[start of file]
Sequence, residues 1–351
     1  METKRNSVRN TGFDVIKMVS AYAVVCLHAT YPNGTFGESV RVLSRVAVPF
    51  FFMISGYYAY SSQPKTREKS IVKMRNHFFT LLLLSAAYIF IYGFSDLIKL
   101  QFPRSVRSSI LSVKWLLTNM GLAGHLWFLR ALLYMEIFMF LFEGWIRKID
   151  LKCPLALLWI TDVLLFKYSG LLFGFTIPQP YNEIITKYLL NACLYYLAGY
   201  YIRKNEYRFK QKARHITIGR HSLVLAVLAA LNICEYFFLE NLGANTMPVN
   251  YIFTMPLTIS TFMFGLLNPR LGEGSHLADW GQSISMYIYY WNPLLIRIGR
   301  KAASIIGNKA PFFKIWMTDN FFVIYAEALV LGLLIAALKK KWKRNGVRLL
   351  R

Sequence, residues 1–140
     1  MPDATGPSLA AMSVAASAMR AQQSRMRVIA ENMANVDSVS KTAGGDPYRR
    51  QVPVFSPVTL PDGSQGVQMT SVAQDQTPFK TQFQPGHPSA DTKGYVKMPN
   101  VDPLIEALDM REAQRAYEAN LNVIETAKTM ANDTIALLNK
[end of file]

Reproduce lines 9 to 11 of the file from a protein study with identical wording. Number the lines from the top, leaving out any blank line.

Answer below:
   351  R

Sequence, residues 1–140
     1  MPDATGPSLA AMSVAASAMR AQQSRMRVIA ENMANVDSVS KTAGGDPYRR